Referring now to FIG. 2, this is a block diagram of a palette selector expansion system for use in the FIG. 1 system. The object of this expansion system is to increase the number of registers in the palette system which can be accessed without enlarging the refresh store. In FIG. 2, the palette register system is again shown as block 4 with the four line input bus 9 and 12 line output video bus 10. In this figure, however, the palette register system now has 64 registers as opposed to the 16 in the FIG. 1 system, and therefore requires two extra selector lines in addition to the four in bus 9. Then two extra lines are shown as a bus 29. To generate the signals on bus 29, a control system comprising a comparator 20, a counter 21, a random access store 22 and a two bit latch 23 is provided. The comparator is coupled to receive, on bus 5, the address signals applied to refresh buffer 1 (FIG. 1) when this buffer is read for display refresh. As explained above, these address sequential addresses in the refresh store, with each address being defined by 16 bits. Comparator 20 also receives a further 16 bits over a bus 24 for comparison with the address bit on bus 5. As will be explained in detail later, these bits on bus 24 define selected points on the display screen. On detection of equality between the signals on busses 5 and 24, comparator 20 emits a single signal on a line 26. This signal is used to increment a counter 21 by one. This counter also receives a reset input on a line 25 at the vertical retrace time of the display CRT to reset it for the start of each display frame. The output of counter 21 is applied over a bus 27 to address random access memory 22 through a multiplexer 31. This multiplexer is switchable to direct the address data from bus 27 to memory 22 during scan times of the display device and to direct addresses from CPU 11 over address bus 6 to memory 22 during vertical retrace times of the display device thereby to update memory 22 with data from CPU 11 over bus 7 during the retrace times. At the start of a display frame, counter 21 contains a reset count, and it is incremented each time comparator 20 detects equality between its respective inputs. Memory 22 comprises a number of locations each storing eighteen bits, of which sixteen provide the addresses applied to comparator 20 over bus 24 through latch 30 and two are applied to bus 28. In this description, we may assume that memory 22 has 500 locations, and therefore can receive 500 consecutive address inputs from counter 21 over bus 27. The two output bits on line 28 are applied to a latch 23 where they are held to provide two selection bits on bus 29 to palette register system 4. With these two bits and the four bits from P/S 3 over line 9, palette register system 4 now has a total of six selection lines to select the registers, and can be expanded to contain 64 registers without the need for further selector lines on bus 9 and, therefore, no expansion of the refresh buffer store 1. The way this is achieved is by selectively re-defining the two selector digits on bus 29 from R.A.M. 22.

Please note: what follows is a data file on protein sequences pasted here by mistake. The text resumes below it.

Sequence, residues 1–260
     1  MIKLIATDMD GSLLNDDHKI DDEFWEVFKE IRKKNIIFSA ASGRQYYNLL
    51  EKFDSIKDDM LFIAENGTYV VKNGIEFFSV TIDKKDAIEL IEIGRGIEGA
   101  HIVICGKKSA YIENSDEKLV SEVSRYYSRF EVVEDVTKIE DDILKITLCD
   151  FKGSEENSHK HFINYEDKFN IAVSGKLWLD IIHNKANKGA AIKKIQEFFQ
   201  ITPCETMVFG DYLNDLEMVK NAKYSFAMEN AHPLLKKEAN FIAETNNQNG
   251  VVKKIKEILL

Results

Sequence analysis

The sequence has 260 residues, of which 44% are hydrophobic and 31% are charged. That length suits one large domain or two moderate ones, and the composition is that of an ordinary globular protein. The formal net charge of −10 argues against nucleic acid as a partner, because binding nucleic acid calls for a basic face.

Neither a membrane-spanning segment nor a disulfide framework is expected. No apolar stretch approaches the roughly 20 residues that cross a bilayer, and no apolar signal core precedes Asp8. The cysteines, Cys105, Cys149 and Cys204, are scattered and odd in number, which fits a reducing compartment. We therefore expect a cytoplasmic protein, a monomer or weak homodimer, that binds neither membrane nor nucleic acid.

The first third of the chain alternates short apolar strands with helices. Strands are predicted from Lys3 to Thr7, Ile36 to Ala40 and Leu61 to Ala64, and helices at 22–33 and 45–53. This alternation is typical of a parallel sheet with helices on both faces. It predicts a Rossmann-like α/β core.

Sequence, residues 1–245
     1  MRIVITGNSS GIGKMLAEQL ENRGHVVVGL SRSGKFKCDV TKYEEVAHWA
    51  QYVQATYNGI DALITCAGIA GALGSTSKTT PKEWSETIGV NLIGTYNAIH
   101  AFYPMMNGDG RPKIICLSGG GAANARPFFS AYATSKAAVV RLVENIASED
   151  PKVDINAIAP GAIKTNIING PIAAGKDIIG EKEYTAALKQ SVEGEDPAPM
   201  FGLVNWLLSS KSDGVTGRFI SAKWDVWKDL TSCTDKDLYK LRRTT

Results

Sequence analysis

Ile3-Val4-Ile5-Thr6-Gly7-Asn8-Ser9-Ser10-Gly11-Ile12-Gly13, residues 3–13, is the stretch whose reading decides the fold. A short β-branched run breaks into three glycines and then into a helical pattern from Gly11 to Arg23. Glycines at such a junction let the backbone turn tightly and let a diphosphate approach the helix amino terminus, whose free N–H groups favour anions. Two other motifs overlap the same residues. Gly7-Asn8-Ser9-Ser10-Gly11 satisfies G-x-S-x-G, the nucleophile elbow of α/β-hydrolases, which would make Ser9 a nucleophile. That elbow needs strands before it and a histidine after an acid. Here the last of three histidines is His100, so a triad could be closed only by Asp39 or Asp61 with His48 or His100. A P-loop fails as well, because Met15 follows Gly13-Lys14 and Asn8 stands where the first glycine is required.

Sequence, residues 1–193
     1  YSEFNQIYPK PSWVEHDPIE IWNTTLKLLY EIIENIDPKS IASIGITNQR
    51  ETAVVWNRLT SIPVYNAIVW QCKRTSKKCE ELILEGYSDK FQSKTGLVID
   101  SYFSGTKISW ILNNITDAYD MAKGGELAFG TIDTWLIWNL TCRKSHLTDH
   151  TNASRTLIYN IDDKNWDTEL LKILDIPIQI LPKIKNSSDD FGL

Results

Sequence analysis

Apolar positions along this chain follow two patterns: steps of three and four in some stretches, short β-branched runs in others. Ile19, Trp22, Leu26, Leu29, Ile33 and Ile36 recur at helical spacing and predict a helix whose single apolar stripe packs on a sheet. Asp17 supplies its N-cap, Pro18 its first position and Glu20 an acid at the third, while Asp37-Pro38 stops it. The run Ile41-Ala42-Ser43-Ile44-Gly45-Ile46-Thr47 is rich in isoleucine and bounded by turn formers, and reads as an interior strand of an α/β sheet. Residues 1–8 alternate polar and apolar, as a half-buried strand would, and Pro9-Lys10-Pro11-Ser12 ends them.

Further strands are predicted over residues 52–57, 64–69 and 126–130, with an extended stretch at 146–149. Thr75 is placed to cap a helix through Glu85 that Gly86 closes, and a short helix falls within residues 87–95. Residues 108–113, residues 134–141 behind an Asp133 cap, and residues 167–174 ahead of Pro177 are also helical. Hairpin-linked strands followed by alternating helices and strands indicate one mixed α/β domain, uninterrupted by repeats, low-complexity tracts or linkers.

At the start of a display frame, counter 21 output is the initial address in RAM 22, so the first address location in RAM 22 is accessed to provide a sixteen bit address output to latch 30 and a two bit palette selection output to latch 23. Now, as the display scans, successive groups of four bits, derived from refresh buffer 1, are applied over bus 9 to the palette system 4, each group representing one picture element. Each of these four bit groups selects one of a group of sixteen registers within the 64 registers in the palette system, this group being delimited by the two bits from latch 23. The address in latch 30 indicates a refresh buffer address at which the color set is to be changed. Accordingly, comparator 20 looks for equality between the successive refresh buffer addresses on line 5 and the address held in latch 30. When this is found, an output on line 26 increments counter 21 by one so that its output now changes from the initial RAM 22 address to that address plus one, this being the new address for RAM 22. The address data from this new location is now sent to latch 30 over bus 24 and the two new palette selection bits are applied to latch 23 so that the four palette selection bits on bus 9 now make selections from a new group of sixteen registers in palette system 4 as defined by the two new bits in latch 23. These selections continue until again equality is detected between a refresh store address and the address in latch 30 and the process is repeated. If RAM 22 has 500 available locations, then a maximum of 500 such changes can be made during each display frame, with switching between any of the four groups of palette registers defined by the two bits on bus 29 being achieved at each change.